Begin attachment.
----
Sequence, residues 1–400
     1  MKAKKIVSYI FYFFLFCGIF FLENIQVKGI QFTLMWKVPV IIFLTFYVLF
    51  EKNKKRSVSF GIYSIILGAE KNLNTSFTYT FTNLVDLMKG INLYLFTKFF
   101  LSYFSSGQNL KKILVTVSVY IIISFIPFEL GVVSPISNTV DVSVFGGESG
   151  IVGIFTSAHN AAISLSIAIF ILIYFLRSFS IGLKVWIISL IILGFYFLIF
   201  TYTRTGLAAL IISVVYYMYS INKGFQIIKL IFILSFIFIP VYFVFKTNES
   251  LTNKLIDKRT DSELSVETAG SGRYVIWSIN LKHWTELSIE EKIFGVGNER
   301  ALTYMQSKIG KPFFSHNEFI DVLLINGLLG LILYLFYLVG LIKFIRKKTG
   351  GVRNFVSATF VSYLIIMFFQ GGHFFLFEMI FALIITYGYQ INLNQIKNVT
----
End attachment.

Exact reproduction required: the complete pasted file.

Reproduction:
Sequence, residues 1–400
     1  MKAKKIVSYI FYFFLFCGIF FLENIQVKGI QFTLMWKVPV IIFLTFYVLF
    51  EKNKKRSVSF GIYSIILGAE KNLNTSFTYT FTNLVDLMKG INLYLFTKFF
   101  LSYFSSGQNL KKILVTVSVY IIISFIPFEL GVVSPISNTV DVSVFGGESG
   151  IVGIFTSAHN AAISLSIAIF ILIYFLRSFS IGLKVWIISL IILGFYFLIF
   201  TYTRTGLAAL IISVVYYMYS INKGFQIIKL IFILSFIFIP VYFVFKTNES
   251  LTNKLIDKRT DSELSVETAG SGRYVIWSIN LKHWTELSIE EKIFGVGNER
   301  ALTYMQSKIG KPFFSHNEFI DVLLINGLLG LILYLFYLVG LIKFIRKKTG
   351  GVRNFVSATF VSYLIIMFFQ GGHFFLFEMI FALIITYGYQ INLNQIKNVT